Common Premise Gives Way to a Unique Film
During the opening credits of Aniara, the new science fiction film from Swedish writer/director Pella Kagerman, we see glimpses of catastrophic weather leading to environmental collapse. Forests burn. Hurricanes batter cities. Humanity is taking it on the collective chin. From Danny Boyle’s Sunshine (2007) to China’s box office juggernaut The Wandering Earth (2018), this is a common sci-fi premise. The Earth is dying. We killed her. So what do we do now?
In the world of Aniara space travel is commonplace. The trip from Earth to Mars is approximately 23 days. The Red Planet is no paradise, but it’s far more hospitable to human life than Earth. However, on this particular journey, things go awry. The Aniara collides with some space debris, forcing the captain to jettison all of the nuclear fuel to avoid a total meltdown of the ship’s core. The Aniara is left cruising out of the solar system with no means to change course and return home.
That summary may sound like it contains major spoilers, but all these events take place in the first ten minutes of the film. Aniara is not concerned with space travel or the colonization of new worlds. The film is not a large-scale space opera. It is conceptual science fiction, a character-driven look at a large group under intense psychological pressure who are trapped together in a confined space.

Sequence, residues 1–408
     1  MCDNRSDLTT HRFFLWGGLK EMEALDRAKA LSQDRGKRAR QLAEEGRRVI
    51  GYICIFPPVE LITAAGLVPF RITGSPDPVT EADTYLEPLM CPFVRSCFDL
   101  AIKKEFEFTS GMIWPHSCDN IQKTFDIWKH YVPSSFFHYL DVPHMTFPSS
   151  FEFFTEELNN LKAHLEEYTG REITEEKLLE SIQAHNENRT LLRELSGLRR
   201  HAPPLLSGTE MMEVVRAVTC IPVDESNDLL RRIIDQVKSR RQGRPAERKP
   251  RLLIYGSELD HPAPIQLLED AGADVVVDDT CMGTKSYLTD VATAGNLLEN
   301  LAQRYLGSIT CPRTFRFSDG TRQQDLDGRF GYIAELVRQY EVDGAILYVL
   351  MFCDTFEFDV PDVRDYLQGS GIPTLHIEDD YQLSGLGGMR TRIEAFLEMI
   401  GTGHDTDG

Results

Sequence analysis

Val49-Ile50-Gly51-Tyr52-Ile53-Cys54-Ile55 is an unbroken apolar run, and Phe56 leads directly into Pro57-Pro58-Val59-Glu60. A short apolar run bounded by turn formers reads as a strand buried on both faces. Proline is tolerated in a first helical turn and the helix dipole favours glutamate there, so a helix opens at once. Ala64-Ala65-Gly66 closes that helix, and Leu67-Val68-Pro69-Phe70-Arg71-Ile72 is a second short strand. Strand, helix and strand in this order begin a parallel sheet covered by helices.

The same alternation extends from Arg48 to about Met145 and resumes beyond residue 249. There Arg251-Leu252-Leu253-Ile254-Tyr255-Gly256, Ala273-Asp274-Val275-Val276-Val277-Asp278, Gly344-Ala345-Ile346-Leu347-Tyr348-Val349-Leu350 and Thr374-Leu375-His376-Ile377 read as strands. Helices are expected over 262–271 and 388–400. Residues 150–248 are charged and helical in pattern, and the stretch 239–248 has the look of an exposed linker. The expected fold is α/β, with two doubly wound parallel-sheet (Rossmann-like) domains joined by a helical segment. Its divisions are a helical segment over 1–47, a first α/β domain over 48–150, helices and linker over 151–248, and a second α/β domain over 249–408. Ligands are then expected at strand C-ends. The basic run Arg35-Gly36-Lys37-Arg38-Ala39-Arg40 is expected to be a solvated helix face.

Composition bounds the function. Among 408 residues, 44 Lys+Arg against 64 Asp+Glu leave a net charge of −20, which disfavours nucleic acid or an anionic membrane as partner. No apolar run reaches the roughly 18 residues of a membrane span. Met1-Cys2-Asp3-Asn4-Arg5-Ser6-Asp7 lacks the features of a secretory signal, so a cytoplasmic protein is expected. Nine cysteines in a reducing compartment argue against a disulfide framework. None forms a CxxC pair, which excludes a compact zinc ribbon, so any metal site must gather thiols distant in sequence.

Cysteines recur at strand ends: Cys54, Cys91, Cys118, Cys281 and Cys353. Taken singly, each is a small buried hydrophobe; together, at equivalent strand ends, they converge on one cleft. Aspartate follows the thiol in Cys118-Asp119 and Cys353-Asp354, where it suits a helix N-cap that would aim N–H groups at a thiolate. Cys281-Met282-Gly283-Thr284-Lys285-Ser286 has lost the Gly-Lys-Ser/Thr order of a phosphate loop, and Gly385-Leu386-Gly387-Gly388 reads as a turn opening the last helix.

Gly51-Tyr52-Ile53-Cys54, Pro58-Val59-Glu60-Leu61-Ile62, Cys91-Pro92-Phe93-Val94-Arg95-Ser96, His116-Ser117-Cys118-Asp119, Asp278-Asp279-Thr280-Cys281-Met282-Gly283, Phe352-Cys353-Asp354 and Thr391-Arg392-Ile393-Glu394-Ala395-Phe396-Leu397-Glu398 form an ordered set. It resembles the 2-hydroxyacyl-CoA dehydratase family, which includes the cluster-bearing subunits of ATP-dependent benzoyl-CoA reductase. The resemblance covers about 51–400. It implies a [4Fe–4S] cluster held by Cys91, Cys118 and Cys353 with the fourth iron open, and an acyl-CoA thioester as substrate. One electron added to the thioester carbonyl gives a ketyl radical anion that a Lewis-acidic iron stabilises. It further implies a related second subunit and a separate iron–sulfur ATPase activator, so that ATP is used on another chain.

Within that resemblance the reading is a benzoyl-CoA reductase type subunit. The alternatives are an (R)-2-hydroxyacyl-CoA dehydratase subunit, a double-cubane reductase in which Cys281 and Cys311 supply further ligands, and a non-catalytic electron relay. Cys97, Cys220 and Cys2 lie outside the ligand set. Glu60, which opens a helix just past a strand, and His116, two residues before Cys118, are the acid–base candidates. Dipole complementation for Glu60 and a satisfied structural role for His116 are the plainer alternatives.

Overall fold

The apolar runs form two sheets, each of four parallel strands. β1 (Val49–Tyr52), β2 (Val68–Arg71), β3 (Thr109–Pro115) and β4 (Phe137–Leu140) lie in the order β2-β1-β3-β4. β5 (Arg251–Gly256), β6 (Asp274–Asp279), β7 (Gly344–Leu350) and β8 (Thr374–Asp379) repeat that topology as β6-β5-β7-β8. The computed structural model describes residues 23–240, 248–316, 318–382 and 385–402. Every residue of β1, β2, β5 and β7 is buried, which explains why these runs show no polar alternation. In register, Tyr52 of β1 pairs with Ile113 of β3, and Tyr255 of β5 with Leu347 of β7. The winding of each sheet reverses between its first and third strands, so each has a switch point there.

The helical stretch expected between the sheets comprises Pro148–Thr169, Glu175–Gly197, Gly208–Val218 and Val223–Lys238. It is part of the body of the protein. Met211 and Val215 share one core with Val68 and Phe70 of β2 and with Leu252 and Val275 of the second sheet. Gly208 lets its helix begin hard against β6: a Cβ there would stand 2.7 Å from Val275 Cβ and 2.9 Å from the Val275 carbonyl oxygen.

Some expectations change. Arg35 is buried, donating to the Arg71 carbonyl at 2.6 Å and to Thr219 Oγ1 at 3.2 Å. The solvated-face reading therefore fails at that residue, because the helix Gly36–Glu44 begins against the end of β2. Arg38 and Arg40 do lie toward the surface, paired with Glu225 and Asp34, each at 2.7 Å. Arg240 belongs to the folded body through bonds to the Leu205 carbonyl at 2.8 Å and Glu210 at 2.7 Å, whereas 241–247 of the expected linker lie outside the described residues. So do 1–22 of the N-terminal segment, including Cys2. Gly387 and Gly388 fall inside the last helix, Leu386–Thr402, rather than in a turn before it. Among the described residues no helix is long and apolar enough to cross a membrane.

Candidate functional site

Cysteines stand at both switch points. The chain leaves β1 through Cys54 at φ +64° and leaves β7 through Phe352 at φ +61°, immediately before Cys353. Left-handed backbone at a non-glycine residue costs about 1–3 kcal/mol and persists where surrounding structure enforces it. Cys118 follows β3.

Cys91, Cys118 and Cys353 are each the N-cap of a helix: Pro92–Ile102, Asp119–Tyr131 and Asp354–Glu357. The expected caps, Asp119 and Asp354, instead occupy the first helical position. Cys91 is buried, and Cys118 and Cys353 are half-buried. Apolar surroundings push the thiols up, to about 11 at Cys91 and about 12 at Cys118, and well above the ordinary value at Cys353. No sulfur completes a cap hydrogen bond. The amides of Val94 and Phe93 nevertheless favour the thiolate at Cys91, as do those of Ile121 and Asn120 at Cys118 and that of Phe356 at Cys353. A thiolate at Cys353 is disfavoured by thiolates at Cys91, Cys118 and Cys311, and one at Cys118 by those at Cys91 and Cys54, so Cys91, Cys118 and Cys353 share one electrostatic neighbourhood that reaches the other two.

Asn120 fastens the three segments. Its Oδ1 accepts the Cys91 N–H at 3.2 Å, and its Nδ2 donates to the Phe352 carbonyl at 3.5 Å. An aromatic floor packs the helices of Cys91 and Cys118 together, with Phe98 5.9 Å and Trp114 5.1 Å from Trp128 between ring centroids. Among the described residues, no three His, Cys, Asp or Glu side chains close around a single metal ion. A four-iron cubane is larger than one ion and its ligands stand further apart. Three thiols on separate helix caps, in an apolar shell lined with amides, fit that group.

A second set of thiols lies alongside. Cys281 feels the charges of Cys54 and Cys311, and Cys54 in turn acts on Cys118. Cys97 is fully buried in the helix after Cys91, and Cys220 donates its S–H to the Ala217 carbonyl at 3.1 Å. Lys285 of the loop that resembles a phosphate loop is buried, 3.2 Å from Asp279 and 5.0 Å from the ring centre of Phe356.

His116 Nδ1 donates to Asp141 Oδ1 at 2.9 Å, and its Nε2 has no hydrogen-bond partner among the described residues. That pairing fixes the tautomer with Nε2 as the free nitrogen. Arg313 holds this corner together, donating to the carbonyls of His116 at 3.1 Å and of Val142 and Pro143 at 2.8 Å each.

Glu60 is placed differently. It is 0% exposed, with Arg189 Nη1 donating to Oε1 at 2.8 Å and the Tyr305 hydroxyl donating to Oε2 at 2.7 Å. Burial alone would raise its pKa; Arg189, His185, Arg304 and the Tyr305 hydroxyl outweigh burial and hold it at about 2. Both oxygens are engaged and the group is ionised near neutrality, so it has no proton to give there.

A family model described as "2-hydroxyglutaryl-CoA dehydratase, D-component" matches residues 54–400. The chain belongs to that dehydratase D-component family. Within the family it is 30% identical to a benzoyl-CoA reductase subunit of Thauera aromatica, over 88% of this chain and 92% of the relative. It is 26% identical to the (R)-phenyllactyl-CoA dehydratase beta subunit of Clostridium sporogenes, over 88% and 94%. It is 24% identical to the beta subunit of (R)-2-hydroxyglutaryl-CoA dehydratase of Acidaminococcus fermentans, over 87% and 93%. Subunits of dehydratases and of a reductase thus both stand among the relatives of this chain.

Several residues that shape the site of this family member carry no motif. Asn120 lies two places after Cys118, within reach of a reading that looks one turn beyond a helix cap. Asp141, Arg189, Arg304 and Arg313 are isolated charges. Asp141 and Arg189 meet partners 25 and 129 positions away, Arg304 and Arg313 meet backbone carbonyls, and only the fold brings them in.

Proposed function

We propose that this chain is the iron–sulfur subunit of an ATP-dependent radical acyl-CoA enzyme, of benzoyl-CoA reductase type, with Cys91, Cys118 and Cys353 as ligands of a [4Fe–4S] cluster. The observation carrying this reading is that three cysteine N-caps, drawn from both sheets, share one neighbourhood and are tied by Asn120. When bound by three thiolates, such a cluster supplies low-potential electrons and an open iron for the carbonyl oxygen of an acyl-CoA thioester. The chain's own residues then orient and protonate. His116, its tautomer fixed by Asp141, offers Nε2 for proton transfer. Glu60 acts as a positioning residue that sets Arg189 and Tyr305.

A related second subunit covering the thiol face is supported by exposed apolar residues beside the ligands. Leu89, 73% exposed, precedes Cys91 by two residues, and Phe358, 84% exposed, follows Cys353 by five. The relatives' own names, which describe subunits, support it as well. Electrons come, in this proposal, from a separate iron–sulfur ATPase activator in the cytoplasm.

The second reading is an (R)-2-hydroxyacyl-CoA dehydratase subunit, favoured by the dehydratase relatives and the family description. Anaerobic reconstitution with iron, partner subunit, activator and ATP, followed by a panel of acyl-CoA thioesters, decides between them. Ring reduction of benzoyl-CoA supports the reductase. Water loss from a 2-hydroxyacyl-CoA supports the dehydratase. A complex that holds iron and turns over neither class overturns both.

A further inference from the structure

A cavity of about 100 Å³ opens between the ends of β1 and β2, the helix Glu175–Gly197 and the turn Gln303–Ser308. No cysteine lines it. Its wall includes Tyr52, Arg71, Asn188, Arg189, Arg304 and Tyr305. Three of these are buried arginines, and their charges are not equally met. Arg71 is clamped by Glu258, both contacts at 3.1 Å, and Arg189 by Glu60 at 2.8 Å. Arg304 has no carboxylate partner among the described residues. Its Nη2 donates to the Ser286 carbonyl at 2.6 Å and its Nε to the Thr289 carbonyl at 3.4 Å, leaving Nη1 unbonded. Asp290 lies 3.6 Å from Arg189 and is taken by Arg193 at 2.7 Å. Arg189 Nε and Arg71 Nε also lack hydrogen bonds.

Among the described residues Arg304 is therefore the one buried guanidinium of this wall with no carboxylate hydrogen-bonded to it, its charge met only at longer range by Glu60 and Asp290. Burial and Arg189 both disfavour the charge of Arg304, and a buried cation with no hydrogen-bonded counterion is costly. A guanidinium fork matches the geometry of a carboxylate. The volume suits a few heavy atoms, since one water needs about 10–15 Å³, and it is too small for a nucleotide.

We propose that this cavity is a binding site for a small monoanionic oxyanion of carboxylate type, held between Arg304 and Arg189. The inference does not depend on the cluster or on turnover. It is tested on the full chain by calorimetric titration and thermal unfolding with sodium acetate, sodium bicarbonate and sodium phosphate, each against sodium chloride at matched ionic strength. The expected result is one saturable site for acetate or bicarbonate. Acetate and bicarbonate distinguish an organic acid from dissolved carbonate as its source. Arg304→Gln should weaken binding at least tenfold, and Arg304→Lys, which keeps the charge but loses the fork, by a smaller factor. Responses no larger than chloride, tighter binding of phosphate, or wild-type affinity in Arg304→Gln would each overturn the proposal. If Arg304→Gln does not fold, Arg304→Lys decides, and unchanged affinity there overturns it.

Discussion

The primary viewpoint character is a Mimaroben, the caretaker of a sentient creature that can transport human consciousness to a place of tranquility. Look at the Mima for a few moments, assume a prone position and you are transported to your individual mental and emotional haven. The Mima is intended to provide rest and relaxation during a 23-day voyage to Mars. It’s a mental trip to a day spa that treats everything from claustrophobia to boredom. The Mimaroben becomes concerned as more and more people seek the solace offered by this technology. She fears it’s destined to be abused on a ship that is essentially a floating sarcophagus.
The film unfolds in chapters as the voyage of the Aniara progresses from its initial hours to weeks to months and even years. Characters lose themselves in the Mima or sexual promiscuity or religious zealotry. Or all three. The parallels to life in the 21st century are unmistakable. The captain and his officers (the government as it is) systematically lie to the public and manipulate information to maintain law and order. The populace wants nothing more than to lose itself in technology, in a virtual world devoid of problems. What does a consumer-based culture do when everything has been consumed?
As the film progresses, depression sets in. Suicides are a daily event. At the same time, other passengers are dating, having children and attempting to live a normal life. Aniara explores an interesting thesis about the resilience and adaptability of the human spirit: as long as there is life, there is hope.
Aniara is in theaters and on VOD today
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